All industries are characterized by trends and new developments that gradually or speedily produce changes important enough to require a strategic response from participating firms. Industry and competitive conditions change because forces are enticing or pressuring certain industry participants to alter their actions. These driving forces are those that have the biggest influence on the changes underway in the industry's structure and competitive environment. Shifts in industry growth are a driving source for industry change, affecting the balance between industry supply and buyer demand, entry and exit, and the character and the strength of the competition.
An upsurge in buyer demand triggers a race among established firms and newcomers to capture the new sales opportunities. Such is the case in the Chinese auto market. "The urge to splurge" on luxury represents a new phase for China's car industry, the world's second largest auto market. As overall sales in China are swelling, it is a particular concentration of prestigious brands that care causing the high end of the market to expand twice as fast as the industry average.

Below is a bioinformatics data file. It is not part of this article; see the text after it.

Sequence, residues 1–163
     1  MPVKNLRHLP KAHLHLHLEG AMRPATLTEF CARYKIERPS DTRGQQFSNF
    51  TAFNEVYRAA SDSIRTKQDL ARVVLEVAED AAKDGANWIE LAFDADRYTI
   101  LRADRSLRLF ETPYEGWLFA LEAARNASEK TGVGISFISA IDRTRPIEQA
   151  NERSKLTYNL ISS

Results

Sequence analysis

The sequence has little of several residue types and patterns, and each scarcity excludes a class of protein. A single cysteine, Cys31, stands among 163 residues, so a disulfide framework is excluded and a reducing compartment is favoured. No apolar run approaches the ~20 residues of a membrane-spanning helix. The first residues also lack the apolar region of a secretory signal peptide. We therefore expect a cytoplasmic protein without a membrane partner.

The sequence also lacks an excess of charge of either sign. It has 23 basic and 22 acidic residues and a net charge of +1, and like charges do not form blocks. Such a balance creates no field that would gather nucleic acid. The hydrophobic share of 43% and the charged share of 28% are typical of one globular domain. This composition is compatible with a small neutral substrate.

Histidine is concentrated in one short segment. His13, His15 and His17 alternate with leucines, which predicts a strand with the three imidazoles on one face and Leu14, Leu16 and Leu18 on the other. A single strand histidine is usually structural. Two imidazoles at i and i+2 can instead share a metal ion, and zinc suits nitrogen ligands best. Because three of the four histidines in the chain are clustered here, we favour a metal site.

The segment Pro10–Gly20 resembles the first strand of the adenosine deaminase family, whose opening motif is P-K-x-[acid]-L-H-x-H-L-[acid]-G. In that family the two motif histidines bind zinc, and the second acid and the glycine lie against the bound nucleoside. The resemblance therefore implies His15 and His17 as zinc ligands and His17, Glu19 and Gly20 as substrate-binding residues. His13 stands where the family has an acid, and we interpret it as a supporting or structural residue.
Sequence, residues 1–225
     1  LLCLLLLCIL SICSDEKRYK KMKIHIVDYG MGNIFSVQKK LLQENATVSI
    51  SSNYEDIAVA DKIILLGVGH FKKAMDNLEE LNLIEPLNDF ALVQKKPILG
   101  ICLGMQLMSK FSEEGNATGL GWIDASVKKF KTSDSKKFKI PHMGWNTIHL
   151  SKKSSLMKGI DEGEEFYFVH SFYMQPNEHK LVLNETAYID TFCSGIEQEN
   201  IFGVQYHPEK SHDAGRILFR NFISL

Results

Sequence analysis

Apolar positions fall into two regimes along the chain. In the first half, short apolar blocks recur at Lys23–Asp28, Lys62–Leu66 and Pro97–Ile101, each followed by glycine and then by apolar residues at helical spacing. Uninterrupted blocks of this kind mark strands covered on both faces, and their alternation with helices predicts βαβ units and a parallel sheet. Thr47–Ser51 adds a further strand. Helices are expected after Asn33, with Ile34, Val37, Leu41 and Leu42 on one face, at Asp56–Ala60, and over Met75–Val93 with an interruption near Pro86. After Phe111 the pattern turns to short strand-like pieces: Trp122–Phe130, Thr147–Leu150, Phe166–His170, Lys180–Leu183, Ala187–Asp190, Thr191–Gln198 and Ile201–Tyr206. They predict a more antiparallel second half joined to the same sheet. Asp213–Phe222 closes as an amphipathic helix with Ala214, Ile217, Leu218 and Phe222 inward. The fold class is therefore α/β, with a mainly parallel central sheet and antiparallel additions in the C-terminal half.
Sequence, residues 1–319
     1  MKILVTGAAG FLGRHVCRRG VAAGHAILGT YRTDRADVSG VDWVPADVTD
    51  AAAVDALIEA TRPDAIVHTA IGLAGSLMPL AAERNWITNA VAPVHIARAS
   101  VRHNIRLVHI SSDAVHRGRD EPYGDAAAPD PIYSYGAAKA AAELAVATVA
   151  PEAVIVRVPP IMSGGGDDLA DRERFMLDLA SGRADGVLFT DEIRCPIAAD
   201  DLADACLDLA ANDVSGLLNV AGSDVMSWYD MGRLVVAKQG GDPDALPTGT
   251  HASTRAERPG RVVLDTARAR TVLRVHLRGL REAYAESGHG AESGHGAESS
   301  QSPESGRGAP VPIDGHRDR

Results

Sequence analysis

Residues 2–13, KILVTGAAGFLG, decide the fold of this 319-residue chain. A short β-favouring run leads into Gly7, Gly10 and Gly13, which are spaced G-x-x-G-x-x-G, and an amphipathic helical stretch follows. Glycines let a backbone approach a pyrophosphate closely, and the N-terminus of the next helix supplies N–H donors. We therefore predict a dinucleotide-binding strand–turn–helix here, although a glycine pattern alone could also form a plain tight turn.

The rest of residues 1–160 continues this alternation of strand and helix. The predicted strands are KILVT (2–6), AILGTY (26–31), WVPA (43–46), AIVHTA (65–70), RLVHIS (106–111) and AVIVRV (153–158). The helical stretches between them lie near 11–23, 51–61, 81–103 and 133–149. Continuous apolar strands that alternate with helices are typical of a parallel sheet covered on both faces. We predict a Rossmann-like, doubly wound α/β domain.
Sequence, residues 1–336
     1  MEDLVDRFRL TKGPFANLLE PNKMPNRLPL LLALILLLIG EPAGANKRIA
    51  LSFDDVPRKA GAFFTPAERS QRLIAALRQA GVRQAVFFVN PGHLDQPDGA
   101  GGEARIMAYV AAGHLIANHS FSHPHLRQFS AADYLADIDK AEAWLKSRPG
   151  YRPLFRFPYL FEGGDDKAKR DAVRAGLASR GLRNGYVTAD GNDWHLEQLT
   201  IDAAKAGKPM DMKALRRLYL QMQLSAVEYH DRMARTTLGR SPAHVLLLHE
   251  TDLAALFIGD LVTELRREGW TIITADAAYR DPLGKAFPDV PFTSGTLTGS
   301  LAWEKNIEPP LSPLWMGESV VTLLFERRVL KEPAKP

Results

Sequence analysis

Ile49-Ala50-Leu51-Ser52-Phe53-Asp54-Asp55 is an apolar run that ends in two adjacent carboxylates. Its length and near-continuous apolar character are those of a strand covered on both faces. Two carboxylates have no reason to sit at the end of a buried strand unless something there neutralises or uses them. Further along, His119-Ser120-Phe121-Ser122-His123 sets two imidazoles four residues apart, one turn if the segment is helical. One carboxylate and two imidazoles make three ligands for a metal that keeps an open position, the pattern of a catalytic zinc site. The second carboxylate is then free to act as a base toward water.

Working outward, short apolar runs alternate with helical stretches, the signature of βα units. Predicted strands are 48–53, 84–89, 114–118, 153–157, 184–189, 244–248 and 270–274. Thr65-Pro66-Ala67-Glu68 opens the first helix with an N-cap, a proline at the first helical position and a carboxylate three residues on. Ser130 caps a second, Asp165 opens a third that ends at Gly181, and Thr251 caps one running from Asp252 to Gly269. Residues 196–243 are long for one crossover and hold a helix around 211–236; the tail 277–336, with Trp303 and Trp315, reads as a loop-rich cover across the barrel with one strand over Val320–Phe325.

The market demand for cars in China relates to a wide variety of variables: the health of the broader economy, personal income, the price of autos, and the availability of financing. As China's economy continues to grow at a rapid rate, so do the income levels of the population. This income increase has left buyers wealthy and ready to spend big for prestige, quality and excellence. Shifts in buyer demographics alter the state of competition by opening the way to market an industry's product through a different mix of dealers and outlets, prompting producers to broaden or narrow their product lines, bringing different sales and promotion approaches to play, and forcing adjustments in customer service offerings. Global automakers have been quick to expand their presence in the emerging markets of China in order...
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